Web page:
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Author ORCID Identifier



Open Access Dissertation

Document Type


Degree Name

Doctor of Philosophy (PhD)

Degree Program

Electrical and Computer Engineering

Year Degree Awarded


Month Degree Awarded


First Advisor

David J. McLaughlin

Subject Categories

Electrical and Electronics | Electromagnetics and Photonics | Other Electrical and Computer Engineering | Systems and Communications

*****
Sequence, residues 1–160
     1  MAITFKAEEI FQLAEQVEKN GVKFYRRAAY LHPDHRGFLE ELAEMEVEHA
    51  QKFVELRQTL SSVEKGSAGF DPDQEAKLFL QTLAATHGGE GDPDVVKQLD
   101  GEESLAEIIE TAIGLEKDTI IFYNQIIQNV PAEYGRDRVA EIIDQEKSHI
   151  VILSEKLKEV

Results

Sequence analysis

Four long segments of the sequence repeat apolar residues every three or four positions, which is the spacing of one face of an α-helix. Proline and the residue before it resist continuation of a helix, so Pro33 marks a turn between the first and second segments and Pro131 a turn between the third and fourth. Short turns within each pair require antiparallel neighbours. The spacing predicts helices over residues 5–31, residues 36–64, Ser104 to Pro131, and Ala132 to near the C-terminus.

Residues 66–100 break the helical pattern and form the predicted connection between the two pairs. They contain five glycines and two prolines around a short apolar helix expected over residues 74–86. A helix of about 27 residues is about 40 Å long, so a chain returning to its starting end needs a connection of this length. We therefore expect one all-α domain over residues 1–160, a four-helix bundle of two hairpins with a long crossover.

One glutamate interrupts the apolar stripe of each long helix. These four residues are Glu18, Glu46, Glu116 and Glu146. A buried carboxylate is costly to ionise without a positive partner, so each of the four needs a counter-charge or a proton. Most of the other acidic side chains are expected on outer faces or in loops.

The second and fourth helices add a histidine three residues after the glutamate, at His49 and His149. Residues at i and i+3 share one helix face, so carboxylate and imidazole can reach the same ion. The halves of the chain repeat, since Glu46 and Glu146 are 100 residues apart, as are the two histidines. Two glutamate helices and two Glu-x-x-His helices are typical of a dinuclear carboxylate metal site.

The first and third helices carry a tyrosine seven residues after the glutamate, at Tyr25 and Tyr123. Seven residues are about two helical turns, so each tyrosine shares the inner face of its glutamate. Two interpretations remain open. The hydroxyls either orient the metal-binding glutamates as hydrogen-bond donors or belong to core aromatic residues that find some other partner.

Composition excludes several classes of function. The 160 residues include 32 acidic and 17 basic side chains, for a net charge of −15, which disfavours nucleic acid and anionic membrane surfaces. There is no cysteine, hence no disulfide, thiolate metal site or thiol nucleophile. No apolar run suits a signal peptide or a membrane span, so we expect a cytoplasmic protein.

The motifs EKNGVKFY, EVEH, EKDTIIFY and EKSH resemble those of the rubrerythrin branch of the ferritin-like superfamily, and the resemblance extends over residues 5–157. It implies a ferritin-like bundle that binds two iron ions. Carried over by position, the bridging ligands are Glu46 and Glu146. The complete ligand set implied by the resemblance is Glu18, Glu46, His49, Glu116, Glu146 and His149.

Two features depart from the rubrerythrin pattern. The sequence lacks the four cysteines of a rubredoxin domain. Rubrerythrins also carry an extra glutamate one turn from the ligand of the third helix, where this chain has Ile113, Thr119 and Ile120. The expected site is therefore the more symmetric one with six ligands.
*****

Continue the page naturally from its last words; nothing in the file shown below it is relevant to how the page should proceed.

Phase array antennas are a promising technology for weather surveillance radars. Their fast beam steering capability offer the potential of improving weather observations and extending warning lead times. However, one major problem associated with this technology is their high acquisition cost to be use in networked radar systems. One promising technology that could have a significant impact in the deployment of future dense networks of short-range X-band weather radars is the ``Phase-Tilt Radar'', a system that uses a one-dimensional phase scanned antenna array mounted over a tilting mechanism. This dissertation addresses some of specific challenges that arise in designing and implementing air-cooled, low-cost, one-dimensional phased antenna arrays for phase-tilt radars. The goal of this work is to develop methods that can lead to reduce the cost and enhance the performance of this type of systems. Specifically, the thesis focuses on three concrete areas. The first one is on the development of a versatile low-cost beam steering system that can enable dual-polarimetric phased array radars to operate with high-frequency repetition pulses, difference pulsing schemes, and modern scanning strategies. In particular, the dissertation will present the development of critical components and describes the concept of operations of the beam steering system. The second area is to develop a calibration technique for small phased arrays. The work focused in finding the calibration settings for the array that best fit to the desired excitation. The technique provides lower random errors than conventional approaches, enabling the implementation of radiation patterns with sidelobes closer to the desired level. Additionally, the technique is extended to solve the gain-drift problem occurring in the two-way antenna pattern due to the temperature changes. The third area studies the use of mutual coupling as signal injection technique to maintain the calibration of both array and radar. Future air-cooled phased array radars will require the use internal circuitry to calibrate the aspect of the radar that tends to change over time. In particular, this work is focused on developing low-cost calibration techniques to correct the antenna gain and radar constant from effects of temperature changes and element failures.